Lee Odden

SEO Before or After

Lee Odden     Online Marketing, SEO

While I was doing a little research for interview questions with Yahoo SEO Program Manager, Laura Lippay, I noticed a post she made about the pros and cons of performing search engine optimization on web sites while they are being designed or redesigned compared to after the fact.

Laura makes some great points about the need to involve SEO at the planning stages of a web site, not after it’s been launched. This really stikes a chord since so many companies call our SEO firm saying things like, “We’ve nearly finished our new web site design and are now looking for a SEO firm to help market the site.” You can hear a pin drop when we explain how much could have been saved (time/money) had we been brought in during the early stage of the site design.

I couldn’t have written this up any better myself so with Laura’s permission am reposting here:

Building SEO into the Process:

  1. Concept: What kind of things can I do with content on my site and my site relationships to other sites that would be beneficial for SEO? What kind of time and resources will I need for SEO? How will I measure SEO effectiveness?
  2. Design: What do I need to keep in mind when I am designing my site that will make it a design marvel and search engine friendly?
  3. Development: What do I need to know about my URL structure, programming techniques, and so on, that will make my pages easy for search engines to crawl, find, and classify everything in my site?
  4. Performance: Am I reaching my goals? If not, where am I lacking and why? If so, what have I done right and how can I continue to apply it? What’s my clickthrough rate? What’s my conversion rate? What’s my ROI? What are my “money terms”? How do I continue to optimize?
  5. Optimization: Making minor tweaks to test and measure the effectiveness & tighten up the SEO measures on your site.

Doing SEO After You’ve Built Your Site:

  1. Benchmark & Analysis: Where does the site stand now in rankings, traffic, search term conversion, targeting correct search terms, etc? What kind of programming techniques are used? What kind of marketing and linking partnerships are in place? What have these people been working on for the past 6 months/10 months/2 years?
  2. SEO Opportunities: What are the things that this site should do, regardless of time, money, or resources, that would make it a search-friendly, high-traffic, leader in its space? How much money could this site make if we could get rankings and possibly traffic higher? Is it worth the SEO effort, and how much?
  3. SEO Plan: What SEO recommendations can be implemented with what resources, budget and time? This usually ends up never being a complete SEO implementation, but instead, a patchwork effort to get in pieces of SEO.
  4. SEO Implementation: Start tearing up the site to start making changes in design, programming, linking strategies, URL structures, etc. This is never fun for a site owner, the people who put their hard work into creating the site, or an SEO who gets scornful looks and pushback from pretty much everyone.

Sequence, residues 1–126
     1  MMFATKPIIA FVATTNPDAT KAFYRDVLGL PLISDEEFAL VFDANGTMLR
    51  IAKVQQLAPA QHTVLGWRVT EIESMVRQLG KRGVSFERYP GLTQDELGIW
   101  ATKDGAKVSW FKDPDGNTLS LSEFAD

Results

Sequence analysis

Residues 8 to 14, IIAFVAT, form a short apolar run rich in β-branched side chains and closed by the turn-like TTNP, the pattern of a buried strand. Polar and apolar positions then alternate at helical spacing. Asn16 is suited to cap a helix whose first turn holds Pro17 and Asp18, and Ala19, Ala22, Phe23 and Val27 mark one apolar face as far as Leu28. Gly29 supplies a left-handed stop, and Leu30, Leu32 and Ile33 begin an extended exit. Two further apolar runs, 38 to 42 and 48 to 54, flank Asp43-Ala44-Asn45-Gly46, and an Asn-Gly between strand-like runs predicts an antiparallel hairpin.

5. Performance: Am I reaching my goals? If not, where am I lacking and why? If so, what have I done right and how can I continue to apply it? What’s my clickthrough rate? What’s my conversion rate? What’s my ROI? What are my “money terms”? How do I continue to optimize?
  6. Optimization: Go back and look at the full recommendatons to see what else you might be able to afford additional time, money and resources on in an attempt to do some more patchwork SEO on your site. (Unless you had lots of money and resources to dig up your site and implement full SEO recommendations the first time, which usually never happens in patchwork SEO).

See the difference? What is a smoother, less expensive, less wrenching process?

Crystal clear Laura, thanks! Here’s a link to the original post.

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Lee Odden About Lee Odden

@LeeOdden is the CEO of TopRank Marketing and editor of Online Marketing Blog. Cited for his expertise by The Economist, Forbes and the Wall Street Journal, he's the author of the book Optimize and presents internationally on B2B marketing topics including content, search, social media and influencer marketing. When not at conferences, consulting, or working with his talented team, he's likely running, traveling or cooking up something new.


  1. Thinking ahead is so retro. 🙂

    If SEO is important to them… then obviously they would have put an SEO in charge of the project to manage the designers and copywriters.

    When a prospect shows that my service is one of their lower priorities, I often consider passing on the project.

    -James Brausch


  1. aaron dalrymple dot com » Blog Archive » Post of a Post of a Post says:

    […] SEO Before or After

  2. […] Too many times this is just not the case. As noted in an earlier post, many companies decide site optimization is something that happens after the web design is finished. It can often be easier and more productive to bring the SEO consultants in during the planning stages of a web site than after a site launch. […]